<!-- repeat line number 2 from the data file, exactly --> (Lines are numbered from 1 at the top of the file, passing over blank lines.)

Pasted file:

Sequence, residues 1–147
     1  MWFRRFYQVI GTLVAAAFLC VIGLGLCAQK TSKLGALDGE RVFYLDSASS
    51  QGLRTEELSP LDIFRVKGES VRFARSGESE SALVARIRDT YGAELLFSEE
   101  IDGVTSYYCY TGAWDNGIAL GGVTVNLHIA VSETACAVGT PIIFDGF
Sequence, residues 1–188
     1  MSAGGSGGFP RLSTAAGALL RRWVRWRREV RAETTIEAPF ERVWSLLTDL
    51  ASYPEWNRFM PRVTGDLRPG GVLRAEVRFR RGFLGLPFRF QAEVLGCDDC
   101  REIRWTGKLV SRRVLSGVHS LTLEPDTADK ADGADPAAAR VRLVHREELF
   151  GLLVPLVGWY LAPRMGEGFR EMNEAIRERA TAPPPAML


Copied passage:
     1  MWFRRFYQVI GTLVAAAFLC VIGLGLCAQK TSKLGALDGE RVFYLDSASS